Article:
The Russian Sage became so prolific that Sara was thinking of dividing it, and the Catmint also filled a whole corner of one of the flowerbeds, hiding a Rose and a few smaller flowers in its abundance.

Sunday morning I’ll spray once again with Scorpion Juice and I continue to mix in Barricade the night before into the nutrient solution to make sure it dissolves. These two Advanced Nutrients products make sure that all our plants are able to ward of pests and diseases much better than without being treated with them.

Sara is talking about trimming the overhanging branches of the Japanese Styrax tree, since they shade one of her flowerbeds too much. She loves that tree, so this is a hard decision. One usually prunes trees in the Fall, after they’ve lost their leaves and have entered dormancy.

I don’t want to talk about the arrival of fall yet, even though Hedgehog is selecting books to read for her home schooling projects, while Jim is looking forward to being enrolled in grade 4. He decided that he would like to try real school for a while.

posted by Tim at 8:36 PM | 0 comments

Wednesday, August 15, 2007

Harvesting the Snow Peas, Oriental Lilly's Splash of Color

Sara’s Oriental Lily, “Stargazer,” put on quite the show this past week when the 16 to 20-inch spread of this super colorful bloom popped up in the middle of the main flowerbed.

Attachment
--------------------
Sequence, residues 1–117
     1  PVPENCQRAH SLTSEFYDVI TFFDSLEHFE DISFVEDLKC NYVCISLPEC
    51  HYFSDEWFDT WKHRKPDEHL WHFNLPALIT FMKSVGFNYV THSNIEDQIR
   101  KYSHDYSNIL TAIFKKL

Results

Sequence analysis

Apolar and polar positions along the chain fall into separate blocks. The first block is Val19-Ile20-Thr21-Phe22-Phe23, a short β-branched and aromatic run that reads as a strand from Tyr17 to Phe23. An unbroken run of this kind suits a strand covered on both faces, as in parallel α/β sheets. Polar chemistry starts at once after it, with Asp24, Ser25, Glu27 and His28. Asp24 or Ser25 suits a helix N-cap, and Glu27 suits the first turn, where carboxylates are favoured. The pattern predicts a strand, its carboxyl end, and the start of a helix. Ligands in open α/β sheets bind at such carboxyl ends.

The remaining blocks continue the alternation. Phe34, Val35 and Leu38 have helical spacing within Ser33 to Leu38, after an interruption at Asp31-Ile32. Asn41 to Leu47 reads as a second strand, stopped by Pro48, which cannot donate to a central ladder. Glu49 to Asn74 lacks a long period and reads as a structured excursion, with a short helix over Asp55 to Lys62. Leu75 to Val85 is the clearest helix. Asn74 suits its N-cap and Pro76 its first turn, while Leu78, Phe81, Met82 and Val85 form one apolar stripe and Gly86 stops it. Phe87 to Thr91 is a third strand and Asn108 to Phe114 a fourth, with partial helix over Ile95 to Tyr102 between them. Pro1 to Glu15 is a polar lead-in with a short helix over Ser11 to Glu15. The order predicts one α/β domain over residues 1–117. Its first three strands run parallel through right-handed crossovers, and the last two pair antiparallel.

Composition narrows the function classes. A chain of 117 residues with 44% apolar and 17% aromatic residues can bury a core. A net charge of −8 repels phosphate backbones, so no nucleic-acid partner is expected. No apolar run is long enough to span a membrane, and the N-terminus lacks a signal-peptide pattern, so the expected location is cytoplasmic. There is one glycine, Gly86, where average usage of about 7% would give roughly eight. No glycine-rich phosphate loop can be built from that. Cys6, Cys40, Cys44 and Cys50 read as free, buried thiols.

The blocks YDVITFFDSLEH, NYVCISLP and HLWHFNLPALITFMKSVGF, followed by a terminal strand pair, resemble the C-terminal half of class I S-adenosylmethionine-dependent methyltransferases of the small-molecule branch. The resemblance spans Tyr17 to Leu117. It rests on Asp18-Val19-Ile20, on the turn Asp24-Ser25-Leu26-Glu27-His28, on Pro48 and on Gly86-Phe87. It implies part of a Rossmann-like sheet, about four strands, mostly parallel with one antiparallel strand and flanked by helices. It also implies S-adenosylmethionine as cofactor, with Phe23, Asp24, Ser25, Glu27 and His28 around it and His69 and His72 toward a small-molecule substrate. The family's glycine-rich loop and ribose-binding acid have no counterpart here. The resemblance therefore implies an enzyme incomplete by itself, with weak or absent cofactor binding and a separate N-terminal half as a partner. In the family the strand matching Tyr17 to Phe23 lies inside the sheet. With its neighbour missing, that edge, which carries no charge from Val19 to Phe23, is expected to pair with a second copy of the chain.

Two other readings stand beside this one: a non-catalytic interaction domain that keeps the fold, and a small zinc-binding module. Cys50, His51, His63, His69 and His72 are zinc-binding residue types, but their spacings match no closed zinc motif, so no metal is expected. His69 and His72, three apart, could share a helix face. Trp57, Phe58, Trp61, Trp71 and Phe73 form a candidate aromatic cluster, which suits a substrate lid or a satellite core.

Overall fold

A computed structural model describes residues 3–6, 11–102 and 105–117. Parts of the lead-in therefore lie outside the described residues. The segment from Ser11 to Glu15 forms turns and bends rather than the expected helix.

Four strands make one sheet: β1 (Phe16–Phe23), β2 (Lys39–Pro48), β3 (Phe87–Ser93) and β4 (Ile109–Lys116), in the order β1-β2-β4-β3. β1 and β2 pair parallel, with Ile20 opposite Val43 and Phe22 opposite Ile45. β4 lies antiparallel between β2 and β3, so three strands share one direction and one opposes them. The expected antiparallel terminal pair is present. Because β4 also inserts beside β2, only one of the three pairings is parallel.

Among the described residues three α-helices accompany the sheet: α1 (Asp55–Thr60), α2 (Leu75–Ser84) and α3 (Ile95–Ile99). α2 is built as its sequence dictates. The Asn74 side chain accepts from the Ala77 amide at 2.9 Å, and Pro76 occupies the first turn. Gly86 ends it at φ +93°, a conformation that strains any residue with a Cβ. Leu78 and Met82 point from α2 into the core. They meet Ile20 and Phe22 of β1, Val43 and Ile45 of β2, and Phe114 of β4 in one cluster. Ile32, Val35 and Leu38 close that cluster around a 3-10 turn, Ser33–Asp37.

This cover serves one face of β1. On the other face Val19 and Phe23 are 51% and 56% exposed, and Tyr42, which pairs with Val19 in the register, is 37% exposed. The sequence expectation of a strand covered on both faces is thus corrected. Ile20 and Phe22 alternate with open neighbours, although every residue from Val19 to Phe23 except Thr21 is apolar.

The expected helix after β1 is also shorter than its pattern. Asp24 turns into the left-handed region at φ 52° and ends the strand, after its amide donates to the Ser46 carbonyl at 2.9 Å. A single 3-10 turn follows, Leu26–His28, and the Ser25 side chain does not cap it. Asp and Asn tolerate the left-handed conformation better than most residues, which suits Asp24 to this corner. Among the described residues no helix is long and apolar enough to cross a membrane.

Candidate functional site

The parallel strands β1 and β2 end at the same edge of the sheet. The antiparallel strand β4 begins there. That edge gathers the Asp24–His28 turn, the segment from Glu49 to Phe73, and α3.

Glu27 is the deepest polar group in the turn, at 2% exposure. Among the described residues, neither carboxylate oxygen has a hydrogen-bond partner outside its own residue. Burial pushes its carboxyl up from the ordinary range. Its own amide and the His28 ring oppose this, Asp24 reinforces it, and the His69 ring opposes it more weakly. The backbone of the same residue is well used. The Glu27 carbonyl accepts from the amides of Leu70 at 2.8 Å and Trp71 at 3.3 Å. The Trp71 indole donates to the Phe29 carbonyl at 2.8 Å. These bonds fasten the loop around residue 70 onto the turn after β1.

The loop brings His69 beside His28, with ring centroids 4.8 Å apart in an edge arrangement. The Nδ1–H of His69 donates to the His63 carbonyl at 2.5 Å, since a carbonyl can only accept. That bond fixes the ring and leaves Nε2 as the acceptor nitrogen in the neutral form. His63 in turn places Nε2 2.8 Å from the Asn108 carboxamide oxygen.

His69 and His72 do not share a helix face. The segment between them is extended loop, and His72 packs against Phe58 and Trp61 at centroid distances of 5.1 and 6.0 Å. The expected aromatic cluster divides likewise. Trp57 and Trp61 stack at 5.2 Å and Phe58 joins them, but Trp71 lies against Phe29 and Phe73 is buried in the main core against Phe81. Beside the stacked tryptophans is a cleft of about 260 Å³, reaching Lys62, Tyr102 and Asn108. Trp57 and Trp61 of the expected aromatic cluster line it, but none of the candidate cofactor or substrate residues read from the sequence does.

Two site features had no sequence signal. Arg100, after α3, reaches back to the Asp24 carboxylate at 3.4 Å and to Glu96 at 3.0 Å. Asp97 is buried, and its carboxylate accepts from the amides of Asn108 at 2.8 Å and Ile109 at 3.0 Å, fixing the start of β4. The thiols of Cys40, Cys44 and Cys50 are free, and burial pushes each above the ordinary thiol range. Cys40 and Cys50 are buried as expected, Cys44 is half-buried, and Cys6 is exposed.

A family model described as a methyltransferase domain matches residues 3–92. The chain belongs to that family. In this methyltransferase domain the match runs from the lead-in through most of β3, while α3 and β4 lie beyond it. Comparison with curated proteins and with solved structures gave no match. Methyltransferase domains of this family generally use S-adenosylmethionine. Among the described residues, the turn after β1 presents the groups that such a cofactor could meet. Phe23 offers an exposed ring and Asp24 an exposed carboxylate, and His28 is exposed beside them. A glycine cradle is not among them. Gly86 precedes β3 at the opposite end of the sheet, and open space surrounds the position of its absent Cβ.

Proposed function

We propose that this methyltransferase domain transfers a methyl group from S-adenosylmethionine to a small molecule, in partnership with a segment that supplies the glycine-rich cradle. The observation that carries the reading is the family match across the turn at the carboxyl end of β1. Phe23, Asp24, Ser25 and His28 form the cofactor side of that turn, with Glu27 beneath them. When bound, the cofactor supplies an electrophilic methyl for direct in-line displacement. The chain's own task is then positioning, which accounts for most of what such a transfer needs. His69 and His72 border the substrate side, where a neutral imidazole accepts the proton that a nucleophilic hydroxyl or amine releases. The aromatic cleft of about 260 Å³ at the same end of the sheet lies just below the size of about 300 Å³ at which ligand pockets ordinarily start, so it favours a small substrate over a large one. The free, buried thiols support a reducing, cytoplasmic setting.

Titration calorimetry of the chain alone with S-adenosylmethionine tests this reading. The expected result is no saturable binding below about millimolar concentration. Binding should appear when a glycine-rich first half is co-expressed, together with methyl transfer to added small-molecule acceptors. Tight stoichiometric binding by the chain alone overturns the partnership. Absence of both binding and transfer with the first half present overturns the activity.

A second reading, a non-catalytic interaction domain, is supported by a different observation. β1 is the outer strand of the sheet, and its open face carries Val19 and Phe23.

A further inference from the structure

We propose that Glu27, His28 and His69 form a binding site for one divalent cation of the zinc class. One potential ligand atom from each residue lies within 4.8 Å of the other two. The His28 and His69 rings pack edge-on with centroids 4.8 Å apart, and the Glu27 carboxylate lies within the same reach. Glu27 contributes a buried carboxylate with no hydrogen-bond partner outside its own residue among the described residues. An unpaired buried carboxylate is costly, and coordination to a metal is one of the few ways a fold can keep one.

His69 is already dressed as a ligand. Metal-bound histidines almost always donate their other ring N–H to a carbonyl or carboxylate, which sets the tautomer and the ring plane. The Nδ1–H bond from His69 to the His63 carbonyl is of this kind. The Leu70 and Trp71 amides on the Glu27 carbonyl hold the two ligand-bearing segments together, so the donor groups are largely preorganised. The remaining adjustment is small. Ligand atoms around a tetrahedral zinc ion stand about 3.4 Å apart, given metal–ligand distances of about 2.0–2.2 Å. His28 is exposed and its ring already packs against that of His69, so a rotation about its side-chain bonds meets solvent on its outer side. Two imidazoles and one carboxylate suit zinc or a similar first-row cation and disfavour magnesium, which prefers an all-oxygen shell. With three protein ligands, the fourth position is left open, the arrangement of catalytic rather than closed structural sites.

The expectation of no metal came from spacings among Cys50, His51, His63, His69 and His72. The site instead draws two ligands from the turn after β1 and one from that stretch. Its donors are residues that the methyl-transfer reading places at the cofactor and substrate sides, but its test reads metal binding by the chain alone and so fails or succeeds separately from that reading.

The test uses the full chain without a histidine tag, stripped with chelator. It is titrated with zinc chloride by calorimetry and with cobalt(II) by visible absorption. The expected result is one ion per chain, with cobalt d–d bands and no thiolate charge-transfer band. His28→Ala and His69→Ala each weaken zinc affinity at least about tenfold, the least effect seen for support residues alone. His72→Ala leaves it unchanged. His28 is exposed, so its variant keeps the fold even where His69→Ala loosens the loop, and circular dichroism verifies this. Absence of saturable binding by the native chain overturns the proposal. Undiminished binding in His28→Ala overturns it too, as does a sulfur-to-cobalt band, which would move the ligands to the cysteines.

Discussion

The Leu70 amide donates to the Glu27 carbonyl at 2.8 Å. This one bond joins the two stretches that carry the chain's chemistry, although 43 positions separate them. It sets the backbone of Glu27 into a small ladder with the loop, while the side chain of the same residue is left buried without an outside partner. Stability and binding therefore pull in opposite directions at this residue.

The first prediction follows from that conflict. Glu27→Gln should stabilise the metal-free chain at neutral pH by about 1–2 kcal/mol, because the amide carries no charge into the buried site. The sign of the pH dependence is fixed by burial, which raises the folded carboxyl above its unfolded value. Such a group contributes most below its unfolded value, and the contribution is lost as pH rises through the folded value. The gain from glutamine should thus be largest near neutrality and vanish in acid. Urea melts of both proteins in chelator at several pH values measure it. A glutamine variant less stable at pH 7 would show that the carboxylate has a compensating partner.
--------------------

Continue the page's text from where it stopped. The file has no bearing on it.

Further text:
It can bloom any time from June to September, amd does alright in full sun, as well as partial shade. It’s about three feet tall and fits in well with the Phlox, Black Eyed Susans, Daisies, and Anemone that inhabit its part of the patch.

It’s not only the look of this exotic flower, but also the fragrance that will capture your senses. Take a whiff of this beauty and you’ll be hopelessly in love with the Stargazer.

One word of warning, hovever. If you’re entertaining the idea of using Lilies as cut flowers (let’s say as a centre piece for a family dinner), make sure you clip the sepals before putting them on your best table cloth.

Lilies drop pollen on whatever they touch, and one of our lovely, green, Hungarian embroidered table cloths became a victim of their black, sticky dust, which leaves a stain that is impossible to remove.

Sara has been planting more Phlox in her flower garden. She chose delicate, pastel colored blooms (salmon pink, light purple, bluish purple), that serve as clever contrast to the bold, bright colored Lilies.

The bright yellow Pumpkin flowers have appeared en masse and we harvested our first batch of Snow Peas this week. We’ve already dropped them into salads—they’re tender and crunchy when young, and we’ve sautéed some with garlic for a special treat.